In-depth reviews

Volvo V90 Recharge hybrid range, MPG, CO2 and charging

Impressive MPG and CO2 figures underline the Volvo V90 hybrid's day-to-day capability as a premium plug-in family car

Overall rating

4.0 out of 5

Range, MPG, CO2 & charging rating

4.0 out of 5

Price
£56,725 - £62,425
Fuel Type:
Hybrid Petrol
Fuel economyCO2 emissionsElectric rangeWallbox charge time
105-353mpg19-25g/km46-53 miles5hrs (3.7kW)

Official testing throws up a fuel-economy figure of up to 353mpg for the Volvo V90 Recharge T6 fitted with the 18.8kWh Volvo introduced for its plug-in hybrid models in September 2021. But you’re still unlikely to match that unless your daily commute is short and you can rely on the 53-mile electric range alone. It is, however, an impressive figure for what's a pretty large and heavy car. When the petrol engine is running without assistance from the battery and electric motor, you can expect to see around 30-35mpg. If you cover high mileages, the V90 T6 won't be a particularly efficient or cost-effective car to run.

Volvo V90 Recharge T6 hybrid range

The V90 Recharge T6 now comes with an 18.8kWh battery, which results in a claimed electric range of up to 53 miles. Older V90 Recharge T8 and some T6 models are supported by an 11.6kWh battery pack. You’ll find that it’s most effective to drive the car on battery power alone in urban environments, despite the claimed 78mph top speed when the car is in ‘Pure’ mode. At higher speeds it’s better to let the petrol engine do the work, as the battery will drain much more quickly.

It depends on how you drive the car and external conditions such as the temperature, but in real-world conditions you can expect slightly less miles of electric driving than the claimed range before you’ll need to plug in, or you can set the engine to charge the battery (which will further dent your fuel economy) to get more electric miles.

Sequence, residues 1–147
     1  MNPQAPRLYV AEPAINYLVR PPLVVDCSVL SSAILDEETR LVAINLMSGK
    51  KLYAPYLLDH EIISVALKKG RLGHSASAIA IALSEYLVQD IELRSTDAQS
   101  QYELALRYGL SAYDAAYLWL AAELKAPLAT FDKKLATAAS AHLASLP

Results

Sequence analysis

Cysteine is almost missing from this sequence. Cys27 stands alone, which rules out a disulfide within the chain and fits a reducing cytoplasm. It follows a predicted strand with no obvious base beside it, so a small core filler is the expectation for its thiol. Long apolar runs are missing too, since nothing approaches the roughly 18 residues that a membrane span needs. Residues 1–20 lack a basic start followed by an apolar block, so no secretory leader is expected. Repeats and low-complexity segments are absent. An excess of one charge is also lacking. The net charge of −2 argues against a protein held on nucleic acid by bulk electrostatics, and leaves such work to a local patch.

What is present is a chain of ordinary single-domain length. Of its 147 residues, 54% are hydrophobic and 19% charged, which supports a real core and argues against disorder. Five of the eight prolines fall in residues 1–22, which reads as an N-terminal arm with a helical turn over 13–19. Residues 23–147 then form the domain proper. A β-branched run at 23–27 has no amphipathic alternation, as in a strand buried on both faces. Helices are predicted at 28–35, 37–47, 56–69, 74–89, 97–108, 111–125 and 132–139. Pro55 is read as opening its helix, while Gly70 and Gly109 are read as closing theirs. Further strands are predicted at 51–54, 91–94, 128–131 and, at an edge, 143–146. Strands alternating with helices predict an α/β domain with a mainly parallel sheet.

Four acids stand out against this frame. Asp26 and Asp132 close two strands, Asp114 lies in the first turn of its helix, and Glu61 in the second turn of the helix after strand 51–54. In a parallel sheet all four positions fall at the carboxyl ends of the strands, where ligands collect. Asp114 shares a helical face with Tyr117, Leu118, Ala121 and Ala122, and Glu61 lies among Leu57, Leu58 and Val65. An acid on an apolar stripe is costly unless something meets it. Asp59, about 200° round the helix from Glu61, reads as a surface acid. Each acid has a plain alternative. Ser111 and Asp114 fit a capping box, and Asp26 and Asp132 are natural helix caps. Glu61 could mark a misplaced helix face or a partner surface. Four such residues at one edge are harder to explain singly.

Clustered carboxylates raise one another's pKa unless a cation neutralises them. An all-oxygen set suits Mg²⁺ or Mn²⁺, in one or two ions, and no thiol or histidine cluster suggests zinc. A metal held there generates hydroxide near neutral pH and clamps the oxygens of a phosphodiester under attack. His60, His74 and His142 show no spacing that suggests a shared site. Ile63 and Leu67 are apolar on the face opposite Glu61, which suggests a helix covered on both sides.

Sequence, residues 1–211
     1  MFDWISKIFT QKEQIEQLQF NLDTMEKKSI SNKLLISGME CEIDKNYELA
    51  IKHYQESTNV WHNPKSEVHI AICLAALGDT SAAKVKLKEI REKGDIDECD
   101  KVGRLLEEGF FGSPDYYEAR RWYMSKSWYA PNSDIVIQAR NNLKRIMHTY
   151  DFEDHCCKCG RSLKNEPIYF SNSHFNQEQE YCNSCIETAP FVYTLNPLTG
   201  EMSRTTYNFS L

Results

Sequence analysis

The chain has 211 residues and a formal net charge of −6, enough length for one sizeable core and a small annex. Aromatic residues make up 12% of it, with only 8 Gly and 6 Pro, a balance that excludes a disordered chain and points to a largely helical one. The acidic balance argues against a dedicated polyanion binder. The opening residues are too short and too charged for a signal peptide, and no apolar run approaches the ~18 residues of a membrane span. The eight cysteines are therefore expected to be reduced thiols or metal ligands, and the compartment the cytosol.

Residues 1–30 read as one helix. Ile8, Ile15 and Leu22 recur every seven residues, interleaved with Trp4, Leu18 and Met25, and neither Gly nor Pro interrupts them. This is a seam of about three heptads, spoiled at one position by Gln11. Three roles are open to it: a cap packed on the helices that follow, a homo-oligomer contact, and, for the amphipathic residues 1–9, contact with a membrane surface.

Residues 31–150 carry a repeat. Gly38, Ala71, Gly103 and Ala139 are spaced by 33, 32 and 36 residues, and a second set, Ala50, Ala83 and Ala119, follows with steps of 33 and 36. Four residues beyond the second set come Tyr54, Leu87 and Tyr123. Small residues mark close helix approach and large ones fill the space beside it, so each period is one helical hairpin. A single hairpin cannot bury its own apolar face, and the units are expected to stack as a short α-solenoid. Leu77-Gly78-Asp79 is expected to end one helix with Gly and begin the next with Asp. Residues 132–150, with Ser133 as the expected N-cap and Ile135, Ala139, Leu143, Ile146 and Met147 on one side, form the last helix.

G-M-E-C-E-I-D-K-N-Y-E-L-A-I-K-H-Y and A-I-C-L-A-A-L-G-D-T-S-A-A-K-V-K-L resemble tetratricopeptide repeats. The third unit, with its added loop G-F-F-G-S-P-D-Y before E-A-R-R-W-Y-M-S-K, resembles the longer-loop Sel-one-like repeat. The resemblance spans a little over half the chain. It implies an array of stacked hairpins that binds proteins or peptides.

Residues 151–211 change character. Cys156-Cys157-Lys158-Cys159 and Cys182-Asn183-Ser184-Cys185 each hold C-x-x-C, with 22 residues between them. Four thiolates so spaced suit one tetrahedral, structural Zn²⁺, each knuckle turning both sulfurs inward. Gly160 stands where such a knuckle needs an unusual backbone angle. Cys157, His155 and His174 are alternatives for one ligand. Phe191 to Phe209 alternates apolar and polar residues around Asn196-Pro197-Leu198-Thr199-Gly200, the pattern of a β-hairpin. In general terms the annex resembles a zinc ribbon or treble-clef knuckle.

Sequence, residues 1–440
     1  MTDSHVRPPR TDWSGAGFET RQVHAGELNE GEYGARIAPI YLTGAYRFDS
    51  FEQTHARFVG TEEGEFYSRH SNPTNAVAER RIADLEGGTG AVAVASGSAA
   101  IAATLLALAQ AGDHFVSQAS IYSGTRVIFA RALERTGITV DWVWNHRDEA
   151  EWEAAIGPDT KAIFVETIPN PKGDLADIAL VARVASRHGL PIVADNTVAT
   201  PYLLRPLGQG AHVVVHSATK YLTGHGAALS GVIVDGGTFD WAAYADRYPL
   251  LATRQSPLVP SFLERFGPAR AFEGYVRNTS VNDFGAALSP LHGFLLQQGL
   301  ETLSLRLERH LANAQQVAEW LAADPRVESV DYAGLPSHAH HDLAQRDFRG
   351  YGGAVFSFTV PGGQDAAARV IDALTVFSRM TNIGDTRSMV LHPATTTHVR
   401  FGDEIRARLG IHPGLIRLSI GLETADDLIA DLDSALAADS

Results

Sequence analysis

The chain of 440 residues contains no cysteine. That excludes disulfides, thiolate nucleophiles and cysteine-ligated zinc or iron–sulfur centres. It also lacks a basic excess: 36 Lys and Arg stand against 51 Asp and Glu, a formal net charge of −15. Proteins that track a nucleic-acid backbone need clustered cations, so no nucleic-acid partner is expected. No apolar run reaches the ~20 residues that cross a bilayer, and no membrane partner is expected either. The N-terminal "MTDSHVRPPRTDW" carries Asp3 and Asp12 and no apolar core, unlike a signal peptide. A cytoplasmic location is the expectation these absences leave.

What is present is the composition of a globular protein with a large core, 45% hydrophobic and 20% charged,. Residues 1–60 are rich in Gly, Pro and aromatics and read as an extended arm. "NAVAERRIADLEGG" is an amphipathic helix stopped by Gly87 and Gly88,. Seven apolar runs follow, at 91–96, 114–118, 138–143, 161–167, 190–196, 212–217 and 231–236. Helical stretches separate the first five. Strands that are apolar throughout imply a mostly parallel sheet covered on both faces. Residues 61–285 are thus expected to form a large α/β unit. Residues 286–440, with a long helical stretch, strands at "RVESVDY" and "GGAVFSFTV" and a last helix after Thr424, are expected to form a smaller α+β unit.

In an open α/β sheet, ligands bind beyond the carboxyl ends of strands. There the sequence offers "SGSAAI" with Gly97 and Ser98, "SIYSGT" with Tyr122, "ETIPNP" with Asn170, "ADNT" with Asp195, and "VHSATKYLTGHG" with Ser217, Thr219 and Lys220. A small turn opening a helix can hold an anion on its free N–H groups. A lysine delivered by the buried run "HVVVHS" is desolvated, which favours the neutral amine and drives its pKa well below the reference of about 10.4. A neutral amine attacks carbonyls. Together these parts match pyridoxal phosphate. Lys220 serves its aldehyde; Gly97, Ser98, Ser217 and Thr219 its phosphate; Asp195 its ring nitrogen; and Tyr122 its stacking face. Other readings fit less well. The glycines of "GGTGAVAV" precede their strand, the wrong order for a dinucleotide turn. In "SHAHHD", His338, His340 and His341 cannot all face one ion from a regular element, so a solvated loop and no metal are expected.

Charge time

Plug the Volvo into a three-pin domestic socket and it’ll take around eight hours to replenish the battery pack. A home wallbox will do it faster, but the charge rate is capped at 3.7kW, meaning around five hours is as fast as you can recharge the V90’s batteries, regardless of how powerful the charger you're plugged into might be. If you are planning to regularly top-up the V90 Recharge at public chargers, this might not be the best PHEV for you.

While Volvo once charged for a Type 2 cable – which you'll need for public chargers – this is now included. The batteries are covered by an eight-year warranty, which includes free repairs for any ‘material defects’, but doesn't guarantee against loss of battery capacity over time, which can’t be avoided.

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